Still, I’ve also made the experience that too much fat makes me feel sick, as well as too much meat, and I can’t function so well on a low carb diet. Complex carbs like kabocha (love!) therefore make a big fraction of what I eat, and I’ve also tried whole grains again, mostly rice and oats so far (gluten-free). But especially grains tend to cause problems with my stomach which has always been very sensitive, and the only way I can eat them is pressure-cooked and only in small amounts.

    “Good Calories, Bad Calories” is quite hard to read. I have it and read about half of it. It’s very interesting, but also very extensive, and I don’t agree with the radical low carb conclusion Gary Taubes draws from his research.

    A book you might like is “Nourishing Traditions” by Sally Fallon (Weston Price Organization). This is a recipe book mainly, but it contains quite a long introduction chapter that yields some very interesting insights about nutrition. I really like that book! It also contains recommendations about how to prepare grains to avoid the anti-nutrient load. I’ve made some posts on my own blog on grains and sugar as well, and I plan to write something more about it in the time to come.

  8. Hi again,
    I’ve also heard of a book “Real Food” by Nina Plank.
    I’m in a quandry because I need to gain weight and eating grains makes me feel incredibly guilty. I’m basically on bedrest and this stinks.
    I’ve heard a lot about the “hormone diet” by Natasha Turner and “the fat flush plan” by Louise Ann Gittleman. I know, I know! These silly diet books are all the same…but there is something about these that is compelling for some reason.
    Again, I’m all about high fat! But I worry I’m not getting enough calories to gain. People who gain weight going all primal + dairy + fruits swear its easy to gain while on that (and the “best” way). And I LOVE that idea. But, sure I can gain weight on them; by doubling my dairy and doubling my fat. While I enjoy those macronutrients, I’m already taking in an abundance of them. And surely, an imbalance will either lead to body imbalances or nausea (I mean how much fat can a person take).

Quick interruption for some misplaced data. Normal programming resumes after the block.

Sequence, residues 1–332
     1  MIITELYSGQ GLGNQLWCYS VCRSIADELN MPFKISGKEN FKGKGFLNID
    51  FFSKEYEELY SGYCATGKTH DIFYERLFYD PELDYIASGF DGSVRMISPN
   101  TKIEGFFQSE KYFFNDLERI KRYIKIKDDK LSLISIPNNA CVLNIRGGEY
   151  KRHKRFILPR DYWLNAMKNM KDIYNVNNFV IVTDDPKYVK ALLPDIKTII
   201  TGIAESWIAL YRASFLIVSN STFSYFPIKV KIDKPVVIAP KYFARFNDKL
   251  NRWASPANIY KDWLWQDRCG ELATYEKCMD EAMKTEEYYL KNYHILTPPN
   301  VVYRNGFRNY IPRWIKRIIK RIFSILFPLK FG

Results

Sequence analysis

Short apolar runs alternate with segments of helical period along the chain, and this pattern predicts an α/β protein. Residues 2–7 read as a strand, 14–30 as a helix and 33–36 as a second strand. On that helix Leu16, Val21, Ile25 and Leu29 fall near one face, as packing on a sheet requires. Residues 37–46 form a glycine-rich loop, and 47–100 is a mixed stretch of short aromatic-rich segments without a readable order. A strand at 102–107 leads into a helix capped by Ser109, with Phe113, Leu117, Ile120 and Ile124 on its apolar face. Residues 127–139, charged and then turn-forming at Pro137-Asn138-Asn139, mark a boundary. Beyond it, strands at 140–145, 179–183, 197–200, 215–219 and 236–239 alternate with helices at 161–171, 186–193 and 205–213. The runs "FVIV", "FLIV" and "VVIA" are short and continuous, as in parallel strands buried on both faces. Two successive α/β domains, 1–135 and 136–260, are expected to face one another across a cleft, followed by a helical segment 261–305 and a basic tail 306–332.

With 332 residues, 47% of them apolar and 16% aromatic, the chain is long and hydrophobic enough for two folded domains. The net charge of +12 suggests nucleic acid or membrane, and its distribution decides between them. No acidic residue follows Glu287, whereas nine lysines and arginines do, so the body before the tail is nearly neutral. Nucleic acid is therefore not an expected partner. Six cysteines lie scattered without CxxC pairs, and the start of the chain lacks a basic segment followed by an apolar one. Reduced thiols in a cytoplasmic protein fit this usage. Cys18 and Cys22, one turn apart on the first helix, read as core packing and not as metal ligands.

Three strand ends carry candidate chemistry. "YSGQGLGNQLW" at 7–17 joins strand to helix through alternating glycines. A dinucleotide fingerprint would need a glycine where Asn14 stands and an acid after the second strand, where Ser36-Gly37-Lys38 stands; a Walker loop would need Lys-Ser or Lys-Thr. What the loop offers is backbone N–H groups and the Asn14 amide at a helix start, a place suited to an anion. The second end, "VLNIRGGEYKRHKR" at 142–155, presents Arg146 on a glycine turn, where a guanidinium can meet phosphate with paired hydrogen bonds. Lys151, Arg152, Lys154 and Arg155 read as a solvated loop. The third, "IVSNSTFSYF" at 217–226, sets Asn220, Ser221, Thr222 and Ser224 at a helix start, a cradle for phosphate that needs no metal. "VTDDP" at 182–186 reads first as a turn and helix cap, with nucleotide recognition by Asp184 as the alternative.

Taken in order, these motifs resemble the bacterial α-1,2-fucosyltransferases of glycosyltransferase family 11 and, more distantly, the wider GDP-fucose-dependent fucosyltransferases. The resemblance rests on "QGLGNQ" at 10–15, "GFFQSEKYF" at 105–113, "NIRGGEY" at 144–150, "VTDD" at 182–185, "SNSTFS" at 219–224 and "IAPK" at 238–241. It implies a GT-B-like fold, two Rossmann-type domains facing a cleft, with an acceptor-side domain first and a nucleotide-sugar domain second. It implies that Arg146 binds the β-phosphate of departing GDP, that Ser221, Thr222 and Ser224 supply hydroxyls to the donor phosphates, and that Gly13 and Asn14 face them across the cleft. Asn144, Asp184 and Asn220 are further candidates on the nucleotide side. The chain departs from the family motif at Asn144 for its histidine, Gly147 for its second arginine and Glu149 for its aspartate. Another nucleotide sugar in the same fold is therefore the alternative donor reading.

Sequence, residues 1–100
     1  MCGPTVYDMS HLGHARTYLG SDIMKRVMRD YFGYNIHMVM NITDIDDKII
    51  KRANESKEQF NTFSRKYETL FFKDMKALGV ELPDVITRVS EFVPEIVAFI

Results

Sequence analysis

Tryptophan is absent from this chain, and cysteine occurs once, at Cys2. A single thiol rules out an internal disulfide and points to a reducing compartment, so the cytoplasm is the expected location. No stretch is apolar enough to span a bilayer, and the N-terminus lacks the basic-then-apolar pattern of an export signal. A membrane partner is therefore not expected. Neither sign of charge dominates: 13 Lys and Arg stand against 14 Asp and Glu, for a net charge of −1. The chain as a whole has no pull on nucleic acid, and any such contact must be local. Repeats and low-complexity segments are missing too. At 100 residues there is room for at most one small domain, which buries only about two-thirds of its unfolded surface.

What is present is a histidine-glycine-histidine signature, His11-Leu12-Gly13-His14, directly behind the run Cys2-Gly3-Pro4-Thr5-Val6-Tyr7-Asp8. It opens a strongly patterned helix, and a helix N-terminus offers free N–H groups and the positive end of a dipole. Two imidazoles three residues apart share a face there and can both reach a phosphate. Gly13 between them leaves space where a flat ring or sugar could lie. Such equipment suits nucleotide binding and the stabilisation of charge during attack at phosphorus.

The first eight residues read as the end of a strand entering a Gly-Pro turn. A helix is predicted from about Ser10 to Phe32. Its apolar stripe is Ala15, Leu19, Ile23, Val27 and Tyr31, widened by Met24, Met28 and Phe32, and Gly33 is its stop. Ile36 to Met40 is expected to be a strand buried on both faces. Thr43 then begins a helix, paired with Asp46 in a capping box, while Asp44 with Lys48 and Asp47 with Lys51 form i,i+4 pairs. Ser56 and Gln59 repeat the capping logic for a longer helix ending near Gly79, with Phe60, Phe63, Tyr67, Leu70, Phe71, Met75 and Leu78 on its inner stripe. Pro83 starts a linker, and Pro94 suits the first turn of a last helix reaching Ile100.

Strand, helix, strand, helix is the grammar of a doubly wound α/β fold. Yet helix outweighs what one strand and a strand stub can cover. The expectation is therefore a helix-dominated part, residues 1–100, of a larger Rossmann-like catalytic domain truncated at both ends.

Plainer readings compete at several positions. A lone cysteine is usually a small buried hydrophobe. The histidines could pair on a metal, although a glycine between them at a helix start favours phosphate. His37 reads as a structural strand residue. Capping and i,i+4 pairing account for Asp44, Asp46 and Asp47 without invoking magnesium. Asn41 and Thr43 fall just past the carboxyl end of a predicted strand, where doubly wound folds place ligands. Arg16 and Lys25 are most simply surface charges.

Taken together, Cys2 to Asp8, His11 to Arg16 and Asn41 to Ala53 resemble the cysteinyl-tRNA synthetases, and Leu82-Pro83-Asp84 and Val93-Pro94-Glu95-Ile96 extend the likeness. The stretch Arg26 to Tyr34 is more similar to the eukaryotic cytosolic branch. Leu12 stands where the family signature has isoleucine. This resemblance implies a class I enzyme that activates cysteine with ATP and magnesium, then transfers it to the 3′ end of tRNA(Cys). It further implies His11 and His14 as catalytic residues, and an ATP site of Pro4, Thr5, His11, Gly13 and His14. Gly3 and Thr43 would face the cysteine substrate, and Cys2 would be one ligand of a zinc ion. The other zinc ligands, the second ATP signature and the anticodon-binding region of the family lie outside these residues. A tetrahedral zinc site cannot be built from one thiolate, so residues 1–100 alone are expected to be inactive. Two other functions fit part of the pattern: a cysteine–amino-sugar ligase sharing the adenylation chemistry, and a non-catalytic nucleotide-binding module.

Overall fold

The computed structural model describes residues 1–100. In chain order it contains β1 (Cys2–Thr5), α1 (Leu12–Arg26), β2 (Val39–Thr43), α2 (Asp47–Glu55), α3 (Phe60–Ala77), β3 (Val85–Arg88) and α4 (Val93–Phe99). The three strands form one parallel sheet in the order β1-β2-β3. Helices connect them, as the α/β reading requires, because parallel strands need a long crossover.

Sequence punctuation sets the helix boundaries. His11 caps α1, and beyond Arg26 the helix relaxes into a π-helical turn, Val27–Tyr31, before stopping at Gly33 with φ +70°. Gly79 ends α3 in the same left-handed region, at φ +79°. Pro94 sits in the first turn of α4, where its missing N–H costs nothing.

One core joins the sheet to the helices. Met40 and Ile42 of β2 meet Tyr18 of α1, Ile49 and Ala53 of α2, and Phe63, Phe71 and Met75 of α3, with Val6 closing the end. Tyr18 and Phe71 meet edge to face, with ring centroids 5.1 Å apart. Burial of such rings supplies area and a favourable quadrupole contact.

I wish I could get some bacon though.
    So, in short I’m very conflicted on it all and am probably overthinking. If someone is underweight, does it really matter I guess what they eat? First just get to the healthy weight? The trouble with that though is that I have severe IBS issues combined. So, I am trying to figure out. The result? Losing even MORE weight. This stinks. I also have cravings for sugar, so I can’t imagine not having some baked goods or yummy granola bars frequently. I’m confused. Too . Much. Thinking.

  9. Haha, again, we seem to run parallel! I’ve actually been loving my meat lately…but the meat I’ve been eating is wild game or totally grass-fed (I’ve had to pick buckshot out of a pheasant!).

    Taubes makes some good arguments. However, he does cherry pick certain data. Leigh Peele did a really good review of it.

    I love my fats. Animal and plant, bring ’em on…the only ones I try to avoid are vegetable oils (except olive/coconut) because I like to eat nuts, and the research I’ve done on Omega 3/6 ratios has made me ponder. But I like butter more as a cooking agent anyway, haha.

    In the grand scheme I do think weight comes down to calories…but I feel a lot better when I’m running on higher fat and protein and low(er) carbs. Nothing remotely Atkins-esque, but less of an emphasis. Sugar’s my ultimate downfall though…it makes me all cravey.